Salem, Wyoming, approximately 50 miles west of Laramie, 18 February 2010, 1000 hours local; Countdown: 1 year, 11 months, 12 days
Jim Collin’s eyes snapped open. His senses were flooded as his mind woke up from unconsciousness. Two things overrode everything else. The room was very bright, and Jim hurt. Jim wasn’t a stranger to pain, but this was a level he’d never managed to achieve before. His entire body throbbed with a deep and intense pain like a constant electric current. He wanted to go back to the blissful darkness of unconsciousness. In the eternity of a second, Jim figured he was awake for a reason. He pushed back against the pain as hard as he could. It dulled, but not much. It was enough for him to start processing the rest of the world.
Jim’s eyes finally focused. He was in a hospital room. That didn’t make any sense. The last thing he remembered was with that group of soldiers in the valley. Why had he been in the valley? Jim struggled to remember. Zombies. It had something to do with zombies. That was why the Zombie Strike team was in Wyoming. Was that right? He tried to wade through the soupy mess of memories that wouldn’t form. Then, the door opened and all of Jim’s thoughts stopped.
She looked good. Her auburn hair had some wisps of gray. She was wearing her hair short and straight now. There were some aging on her heart shaped face, but she still looked a decade younger than her age. There was a little more weight on her thin frame, but it just accentuated her natural beauty. Her eyes hadn’t changed. There were still the warm pools of hazel that always managed to make Jim forget everything. Jim knew he was staring. He couldn’t stop himself. Even after all of these years, she was still so beautiful.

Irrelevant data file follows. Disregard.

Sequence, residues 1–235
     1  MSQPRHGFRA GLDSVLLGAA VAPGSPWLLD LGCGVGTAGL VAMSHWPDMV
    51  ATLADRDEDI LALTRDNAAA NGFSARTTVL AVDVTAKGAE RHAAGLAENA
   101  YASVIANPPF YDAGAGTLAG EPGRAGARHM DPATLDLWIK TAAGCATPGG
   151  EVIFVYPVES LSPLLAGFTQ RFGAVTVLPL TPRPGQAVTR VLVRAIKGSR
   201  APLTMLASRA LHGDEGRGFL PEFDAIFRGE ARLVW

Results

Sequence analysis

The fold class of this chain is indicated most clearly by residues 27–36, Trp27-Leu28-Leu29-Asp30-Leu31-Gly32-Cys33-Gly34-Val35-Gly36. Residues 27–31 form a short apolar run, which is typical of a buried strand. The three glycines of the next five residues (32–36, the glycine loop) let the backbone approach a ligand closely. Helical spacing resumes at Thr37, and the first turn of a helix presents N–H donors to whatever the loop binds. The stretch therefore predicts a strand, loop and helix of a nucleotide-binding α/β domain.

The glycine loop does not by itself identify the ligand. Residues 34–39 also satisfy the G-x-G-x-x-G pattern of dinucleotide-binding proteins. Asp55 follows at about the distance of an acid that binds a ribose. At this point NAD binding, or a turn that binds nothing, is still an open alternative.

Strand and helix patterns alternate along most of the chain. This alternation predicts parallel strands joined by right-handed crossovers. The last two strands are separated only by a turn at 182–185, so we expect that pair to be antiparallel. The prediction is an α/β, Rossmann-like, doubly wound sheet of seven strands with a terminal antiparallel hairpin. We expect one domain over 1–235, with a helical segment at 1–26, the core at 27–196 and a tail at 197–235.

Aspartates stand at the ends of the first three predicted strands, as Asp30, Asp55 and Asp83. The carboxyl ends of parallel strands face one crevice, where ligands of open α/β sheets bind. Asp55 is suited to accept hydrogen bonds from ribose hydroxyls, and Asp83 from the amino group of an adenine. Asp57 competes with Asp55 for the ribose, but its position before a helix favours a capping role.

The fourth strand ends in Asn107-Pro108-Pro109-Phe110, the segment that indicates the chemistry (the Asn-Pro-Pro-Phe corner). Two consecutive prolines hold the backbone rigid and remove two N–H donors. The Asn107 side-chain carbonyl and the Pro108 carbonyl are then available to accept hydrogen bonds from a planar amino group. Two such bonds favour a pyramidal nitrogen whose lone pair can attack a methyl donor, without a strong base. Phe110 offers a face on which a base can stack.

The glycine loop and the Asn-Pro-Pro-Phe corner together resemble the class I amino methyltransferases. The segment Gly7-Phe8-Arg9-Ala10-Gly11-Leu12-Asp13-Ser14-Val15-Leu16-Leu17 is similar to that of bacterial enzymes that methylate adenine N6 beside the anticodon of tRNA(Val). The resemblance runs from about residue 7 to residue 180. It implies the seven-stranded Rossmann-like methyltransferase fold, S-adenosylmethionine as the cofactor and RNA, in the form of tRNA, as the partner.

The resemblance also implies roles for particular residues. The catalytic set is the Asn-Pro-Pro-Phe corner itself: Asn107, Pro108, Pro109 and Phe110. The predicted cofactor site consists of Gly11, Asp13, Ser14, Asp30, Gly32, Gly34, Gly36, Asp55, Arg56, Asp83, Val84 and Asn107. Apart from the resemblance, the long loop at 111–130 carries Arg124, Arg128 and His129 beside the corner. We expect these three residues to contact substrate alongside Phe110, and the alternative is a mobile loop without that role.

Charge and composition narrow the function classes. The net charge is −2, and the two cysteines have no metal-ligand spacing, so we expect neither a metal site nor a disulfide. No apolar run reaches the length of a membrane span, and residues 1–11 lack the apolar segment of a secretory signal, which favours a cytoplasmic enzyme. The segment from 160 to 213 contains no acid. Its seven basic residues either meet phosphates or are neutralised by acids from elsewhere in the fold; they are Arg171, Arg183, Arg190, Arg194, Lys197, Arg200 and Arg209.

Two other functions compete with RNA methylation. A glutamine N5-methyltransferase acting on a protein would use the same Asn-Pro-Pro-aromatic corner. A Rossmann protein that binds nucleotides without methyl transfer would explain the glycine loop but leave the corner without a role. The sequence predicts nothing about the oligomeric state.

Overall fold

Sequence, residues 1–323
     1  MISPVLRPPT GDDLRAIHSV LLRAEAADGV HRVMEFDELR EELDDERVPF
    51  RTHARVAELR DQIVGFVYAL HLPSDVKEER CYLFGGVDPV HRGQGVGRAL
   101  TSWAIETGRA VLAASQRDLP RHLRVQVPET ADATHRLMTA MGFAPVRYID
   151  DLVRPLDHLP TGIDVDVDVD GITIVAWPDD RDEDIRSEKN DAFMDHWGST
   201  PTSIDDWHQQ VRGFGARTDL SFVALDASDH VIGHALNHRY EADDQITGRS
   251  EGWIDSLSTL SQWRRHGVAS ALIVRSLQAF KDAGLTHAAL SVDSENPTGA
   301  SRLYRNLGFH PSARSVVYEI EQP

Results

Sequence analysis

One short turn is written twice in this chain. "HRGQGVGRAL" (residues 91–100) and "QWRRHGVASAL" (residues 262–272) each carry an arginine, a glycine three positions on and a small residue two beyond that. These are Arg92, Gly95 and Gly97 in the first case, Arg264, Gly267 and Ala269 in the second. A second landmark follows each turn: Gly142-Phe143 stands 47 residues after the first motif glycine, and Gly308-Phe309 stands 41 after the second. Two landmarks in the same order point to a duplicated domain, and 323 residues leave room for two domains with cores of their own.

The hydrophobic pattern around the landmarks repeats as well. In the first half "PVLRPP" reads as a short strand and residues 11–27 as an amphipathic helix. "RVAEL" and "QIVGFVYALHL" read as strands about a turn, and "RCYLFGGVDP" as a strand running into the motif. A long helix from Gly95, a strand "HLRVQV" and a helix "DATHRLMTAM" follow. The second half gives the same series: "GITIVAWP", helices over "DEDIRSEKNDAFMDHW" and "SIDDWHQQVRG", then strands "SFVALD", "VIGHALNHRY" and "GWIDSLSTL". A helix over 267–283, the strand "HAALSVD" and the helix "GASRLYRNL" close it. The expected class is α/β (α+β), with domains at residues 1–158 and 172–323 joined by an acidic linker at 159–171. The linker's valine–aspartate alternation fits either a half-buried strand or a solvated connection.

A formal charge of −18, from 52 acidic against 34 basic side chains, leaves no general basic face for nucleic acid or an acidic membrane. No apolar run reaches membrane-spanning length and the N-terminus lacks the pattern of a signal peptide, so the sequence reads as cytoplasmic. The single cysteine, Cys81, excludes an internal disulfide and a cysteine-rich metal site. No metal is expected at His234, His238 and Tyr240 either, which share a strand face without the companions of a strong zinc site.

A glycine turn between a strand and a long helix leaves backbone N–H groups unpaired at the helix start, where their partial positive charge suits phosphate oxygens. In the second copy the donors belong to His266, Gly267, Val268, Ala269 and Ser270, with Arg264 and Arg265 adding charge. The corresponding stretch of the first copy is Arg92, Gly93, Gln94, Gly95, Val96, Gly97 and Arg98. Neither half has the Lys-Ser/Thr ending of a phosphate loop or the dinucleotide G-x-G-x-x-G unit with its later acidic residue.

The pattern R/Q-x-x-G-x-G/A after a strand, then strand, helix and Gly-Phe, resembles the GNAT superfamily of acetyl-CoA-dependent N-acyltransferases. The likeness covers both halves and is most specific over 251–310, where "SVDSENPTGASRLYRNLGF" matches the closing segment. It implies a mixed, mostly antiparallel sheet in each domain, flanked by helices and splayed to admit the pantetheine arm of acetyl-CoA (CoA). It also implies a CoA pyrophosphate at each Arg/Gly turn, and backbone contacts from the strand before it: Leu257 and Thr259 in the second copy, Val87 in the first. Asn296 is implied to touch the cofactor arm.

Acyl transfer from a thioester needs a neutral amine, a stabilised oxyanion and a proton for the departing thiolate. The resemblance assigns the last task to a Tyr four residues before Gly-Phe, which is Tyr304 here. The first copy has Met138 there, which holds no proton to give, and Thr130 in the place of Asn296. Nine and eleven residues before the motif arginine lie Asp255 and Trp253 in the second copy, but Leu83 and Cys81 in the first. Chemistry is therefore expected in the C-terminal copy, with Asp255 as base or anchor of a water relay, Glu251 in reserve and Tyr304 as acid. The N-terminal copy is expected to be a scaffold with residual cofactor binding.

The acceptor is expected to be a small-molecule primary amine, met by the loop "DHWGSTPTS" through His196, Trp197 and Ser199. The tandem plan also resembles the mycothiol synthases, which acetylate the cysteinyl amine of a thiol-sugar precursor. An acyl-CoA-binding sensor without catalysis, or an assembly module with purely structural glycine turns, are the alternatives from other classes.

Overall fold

“You’re awake,” she said, “Thank God for that.” Her voice was still the melodious soprano, but there was a new timbre to her tone. They just stared at each other for a long silent moment. Then she gingerly stepped into the room.
“What are you doing here?” Jim blurted out, and instantly wanted to take it back. She flinched at the question. With great effort, Jim held up his hand. “Wait, I’m sorry. It’s a little hard to think straight right now.”
“Well, that’s understandable,” she answered cautiously, but there was an undercurrent of warmth in her voice. She smiled, and Jim could feel his pain lessen. Her smiles always managed to do that. The silence returned as each tried to think what to say next.
“Where have you been, Nate?” she asked, her smile melting to tears. She stormed to his bedside. “You just disappeared. Everything that happened and you just disappeared. I didn’t know if you were alive or dead or …” Jim didn’t let her finish. With all the strength he could muster, Jim snatched her off her feet and enveloped her in a desperate embrace.